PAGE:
The first day managed to cross political boundaries, bringing together both Republicans and Democrats, as well as people from all walks of American life. It helped establish the Environmental Protection Agency which within the first few years of its existence managed to pass 6 environmental protection laws. Since then, Earth Day has continued to promote environmental policies every year and after going global in 1990 is now recognised as the largest secular observance in the world, being marked by over 1 billion people a year in 141 countries.
For more information look into https://www.earthday.org/
Thanks for reading
Max and Ryan
Rossall Eco-Society Co-Leaders
|To view all of our sports fixtures and results, please visit: https://www.rossallsport.org.uk/|
The password to view the teamsheets is: rossallsport
|EXCITING OPPORTUNITY FOR GIRLS|
– Do you like Science?
– Do you want to network with real scientists from around the world?
– Do you want to study or work in Science, Technology, Engineering or Maths?
– Are you a girl aged 14-17?
If you answered YES to these questions, then Miss Wellham has an exciting opportunity for you.
Please go to Lab 7 on the following dates to hear more about it.
KS4 (year 10 and 11) Please come see me on Friday 23rd April at 4.30pm (or Monday 26th April at the start of LUNCH)
KS5 (Year 12 and 13) Please come see me on Tuesday 27th April at 4.30pm
|In celebration of the launch of our International Piano Academy and forthcoming ‘All-Steinway School’ status, we are hosting our very first International Piano Competition.|
The inaugural event will take place this Spring, providing an excellent performance platform for current students as well as young pianists from schools and colleges from across the world.
This year the competition is being held online, however, in future years the competition final will be held on campus.
The competition will comprise three categories: age 12 and under, age 15 and under and age 17 and under, and the deadline for submission of entries is Friday 28th May 2021.
CLICK HERE FOR MORE INFORMATION AND TO ENTER THE COMPETITION
|ROSSALL’S INTERNATIONAL PIANO ACADEMY|
We are delighted to announce the launch of Rossall’s International Piano Academy – the first of its kind in the UK!
“The Rossall International Piano Academy is committed to providing a world-class musical education, enabling our pianists to develop the skills, confidence and tenacity required to achieve their fullest musical potential.” Mr Jeremy Quartermain, Headmaster.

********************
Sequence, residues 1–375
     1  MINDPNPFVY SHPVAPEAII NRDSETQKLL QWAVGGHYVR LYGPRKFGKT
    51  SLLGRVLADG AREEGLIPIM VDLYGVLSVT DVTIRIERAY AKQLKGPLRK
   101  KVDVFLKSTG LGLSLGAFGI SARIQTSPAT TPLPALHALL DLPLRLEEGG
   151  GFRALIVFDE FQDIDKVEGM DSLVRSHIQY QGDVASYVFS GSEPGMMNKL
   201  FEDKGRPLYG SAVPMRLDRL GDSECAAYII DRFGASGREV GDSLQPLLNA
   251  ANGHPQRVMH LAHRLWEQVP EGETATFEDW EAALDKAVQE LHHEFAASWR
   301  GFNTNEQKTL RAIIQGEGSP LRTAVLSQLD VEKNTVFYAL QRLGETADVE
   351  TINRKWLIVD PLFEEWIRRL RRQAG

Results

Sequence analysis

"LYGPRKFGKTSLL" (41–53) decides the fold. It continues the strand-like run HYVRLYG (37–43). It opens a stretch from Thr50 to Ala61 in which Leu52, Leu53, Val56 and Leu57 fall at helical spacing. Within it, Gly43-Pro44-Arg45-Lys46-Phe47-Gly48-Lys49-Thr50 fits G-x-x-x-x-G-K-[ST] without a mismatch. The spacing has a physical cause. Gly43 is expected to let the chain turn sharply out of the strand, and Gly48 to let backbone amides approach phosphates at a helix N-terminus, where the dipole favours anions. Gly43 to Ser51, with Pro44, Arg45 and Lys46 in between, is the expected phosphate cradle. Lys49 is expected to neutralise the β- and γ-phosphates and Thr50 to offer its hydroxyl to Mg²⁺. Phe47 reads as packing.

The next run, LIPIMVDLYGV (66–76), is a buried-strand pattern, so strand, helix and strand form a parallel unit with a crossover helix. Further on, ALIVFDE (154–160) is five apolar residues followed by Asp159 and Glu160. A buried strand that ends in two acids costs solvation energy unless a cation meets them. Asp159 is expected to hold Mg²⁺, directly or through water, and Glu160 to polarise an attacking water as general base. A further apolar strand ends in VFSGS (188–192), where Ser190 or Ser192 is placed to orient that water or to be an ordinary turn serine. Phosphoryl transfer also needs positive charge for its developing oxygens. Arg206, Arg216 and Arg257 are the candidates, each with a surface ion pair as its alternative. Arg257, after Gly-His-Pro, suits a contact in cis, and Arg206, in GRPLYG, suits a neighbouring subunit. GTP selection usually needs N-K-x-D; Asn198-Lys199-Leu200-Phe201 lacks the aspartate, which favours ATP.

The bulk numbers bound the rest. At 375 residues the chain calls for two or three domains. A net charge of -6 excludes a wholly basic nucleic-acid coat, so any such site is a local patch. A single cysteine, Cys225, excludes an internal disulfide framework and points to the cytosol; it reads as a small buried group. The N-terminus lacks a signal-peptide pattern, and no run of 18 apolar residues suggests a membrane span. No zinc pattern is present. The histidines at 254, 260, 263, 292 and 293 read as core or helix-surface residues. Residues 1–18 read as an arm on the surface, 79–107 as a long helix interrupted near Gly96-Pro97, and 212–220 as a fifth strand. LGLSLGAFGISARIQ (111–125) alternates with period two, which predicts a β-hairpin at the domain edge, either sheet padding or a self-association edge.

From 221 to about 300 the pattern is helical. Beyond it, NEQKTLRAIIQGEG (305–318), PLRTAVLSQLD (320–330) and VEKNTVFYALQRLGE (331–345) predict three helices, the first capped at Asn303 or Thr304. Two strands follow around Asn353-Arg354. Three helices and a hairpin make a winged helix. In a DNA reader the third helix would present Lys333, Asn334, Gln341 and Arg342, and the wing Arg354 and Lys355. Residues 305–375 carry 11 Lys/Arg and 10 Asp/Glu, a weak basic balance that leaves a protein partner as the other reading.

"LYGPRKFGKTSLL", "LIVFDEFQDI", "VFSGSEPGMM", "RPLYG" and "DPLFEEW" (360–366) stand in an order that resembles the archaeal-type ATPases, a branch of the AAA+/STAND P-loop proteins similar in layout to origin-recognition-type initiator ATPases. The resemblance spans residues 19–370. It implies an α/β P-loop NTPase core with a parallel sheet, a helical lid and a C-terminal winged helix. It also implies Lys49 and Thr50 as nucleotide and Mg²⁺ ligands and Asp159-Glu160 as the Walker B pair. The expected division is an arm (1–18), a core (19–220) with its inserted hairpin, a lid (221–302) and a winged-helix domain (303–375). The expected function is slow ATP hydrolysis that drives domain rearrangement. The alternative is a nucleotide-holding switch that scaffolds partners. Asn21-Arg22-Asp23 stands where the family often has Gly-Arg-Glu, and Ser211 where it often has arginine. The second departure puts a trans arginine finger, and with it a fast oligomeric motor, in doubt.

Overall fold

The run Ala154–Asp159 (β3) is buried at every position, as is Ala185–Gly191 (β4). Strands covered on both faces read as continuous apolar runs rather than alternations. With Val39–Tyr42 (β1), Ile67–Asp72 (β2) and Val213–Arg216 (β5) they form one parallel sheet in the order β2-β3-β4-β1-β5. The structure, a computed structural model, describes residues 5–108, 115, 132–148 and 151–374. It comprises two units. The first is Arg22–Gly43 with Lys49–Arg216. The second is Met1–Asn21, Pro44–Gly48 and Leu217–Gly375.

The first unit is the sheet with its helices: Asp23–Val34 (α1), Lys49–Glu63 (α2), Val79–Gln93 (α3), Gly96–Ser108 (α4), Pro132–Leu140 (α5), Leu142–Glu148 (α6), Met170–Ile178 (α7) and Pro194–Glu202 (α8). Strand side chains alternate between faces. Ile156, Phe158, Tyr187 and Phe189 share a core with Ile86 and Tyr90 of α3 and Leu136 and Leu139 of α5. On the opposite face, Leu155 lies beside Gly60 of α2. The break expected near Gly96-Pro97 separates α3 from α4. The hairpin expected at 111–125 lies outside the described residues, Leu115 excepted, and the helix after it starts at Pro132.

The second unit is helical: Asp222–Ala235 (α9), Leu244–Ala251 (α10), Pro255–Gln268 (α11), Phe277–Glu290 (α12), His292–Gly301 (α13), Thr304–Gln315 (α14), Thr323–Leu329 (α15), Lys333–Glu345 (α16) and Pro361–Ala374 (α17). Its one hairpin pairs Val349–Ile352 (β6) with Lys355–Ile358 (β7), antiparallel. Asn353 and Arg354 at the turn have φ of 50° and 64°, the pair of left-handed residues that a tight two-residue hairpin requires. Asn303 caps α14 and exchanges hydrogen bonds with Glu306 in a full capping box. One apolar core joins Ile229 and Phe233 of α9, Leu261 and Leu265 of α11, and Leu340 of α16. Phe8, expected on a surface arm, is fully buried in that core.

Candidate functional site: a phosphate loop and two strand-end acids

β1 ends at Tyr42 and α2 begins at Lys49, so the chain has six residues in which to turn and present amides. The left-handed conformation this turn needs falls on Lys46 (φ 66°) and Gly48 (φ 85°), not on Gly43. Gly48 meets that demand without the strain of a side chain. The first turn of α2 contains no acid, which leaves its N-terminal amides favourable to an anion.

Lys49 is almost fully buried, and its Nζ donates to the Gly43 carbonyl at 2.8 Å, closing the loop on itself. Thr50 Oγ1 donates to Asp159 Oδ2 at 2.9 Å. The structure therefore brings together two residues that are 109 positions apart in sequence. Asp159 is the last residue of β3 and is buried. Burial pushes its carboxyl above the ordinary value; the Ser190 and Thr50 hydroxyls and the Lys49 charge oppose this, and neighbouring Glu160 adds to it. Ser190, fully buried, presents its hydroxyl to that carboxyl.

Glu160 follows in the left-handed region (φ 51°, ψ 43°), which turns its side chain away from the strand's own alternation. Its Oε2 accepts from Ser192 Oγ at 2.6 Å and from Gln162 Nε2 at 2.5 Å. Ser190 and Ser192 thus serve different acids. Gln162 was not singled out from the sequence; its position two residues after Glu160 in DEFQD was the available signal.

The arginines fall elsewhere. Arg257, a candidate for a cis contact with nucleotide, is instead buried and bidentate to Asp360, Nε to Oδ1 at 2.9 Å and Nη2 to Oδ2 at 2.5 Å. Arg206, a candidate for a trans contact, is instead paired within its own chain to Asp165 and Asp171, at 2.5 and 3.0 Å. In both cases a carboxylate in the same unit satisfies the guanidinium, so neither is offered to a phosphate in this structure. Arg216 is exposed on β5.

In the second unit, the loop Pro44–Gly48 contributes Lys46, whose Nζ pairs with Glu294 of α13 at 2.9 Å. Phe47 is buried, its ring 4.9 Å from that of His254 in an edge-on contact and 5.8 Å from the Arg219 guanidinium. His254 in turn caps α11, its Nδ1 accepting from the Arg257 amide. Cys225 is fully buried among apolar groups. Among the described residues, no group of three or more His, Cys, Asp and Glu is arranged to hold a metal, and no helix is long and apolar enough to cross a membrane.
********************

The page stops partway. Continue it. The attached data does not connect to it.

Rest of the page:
Our commitment to providing an outstanding musical education for future generations of pianists has been further enabled by Rossall becoming an All-Steinway School from early Summer, 2021.
Rossall’s very own Film Festival returns for a SECOND YEAR!
The TWO-MINUTE FILM FESTIVAL is open to ABSOLUTELY EVERYONE – all you need to do is create a film that runs for 120 seconds or less!
You can find out everything you need to know (including last year’s entries and ROSSCARS!) from this year’s site:
Closing date for submissions: Sunday 4th July
ROSSCARS Awards Ceremony: Wednesday 7th July
|JOB VACANCY |
Due to our growing numbers, we are once again on the lookout for Nursery Assistants to join our wonderful team in
Rossall Nursery School
We are looking for both full and part-time staff members, as well as ad-hoc assistants too. For more information and to apply, please visit: https://www.rossall.org.uk/about-rossall/job-vacancies/
|PREPARATORY INSTRUMENTAL LESSONS|
At Rossall Preparatory School, all pupils have the opportunity to receive one-to-one instrumental tuition.
Whether students wish to learn purely for fun or to achieve ABRSM/Trinity/Rock School qualifications, we have a dedicated team of expert teachers to support and guide them along the way.
Lessons take place before, during and after the school day (subject to availability). Students who take instrumental lessons will have the opportunity to participate in co-curricular clubs and perform in school concerts and external events.
We offer tuition in: Piano, Organ, Singing, Guitar, Trumpet, Trombone, French Horn, Flute, Bassoon, Oboe, Saxophone, Clarinet, Drums, Violin and Cello.
Lesson packages of 10 one-to-one sessions (30 minutes each) cost £210.
In the Summer Term, we are launching shared 30-minute violin lesson packages for students who are interested in playing the instrument. The loan of a violin, equipment and music is all included in the cost of the package, which is £105 per child for 10 sessions.
Please click here to apply for instrumental lessons.
All fees are subject to periodic increase in accordance with Rossall School’s Terms and Conditions. Please note that a half-term’s notice is required to cancel lessons.
If you have any questions regarding instrumental lessons at Rossall Preparatory School, please contact Mr Adam Dobson on[email protected].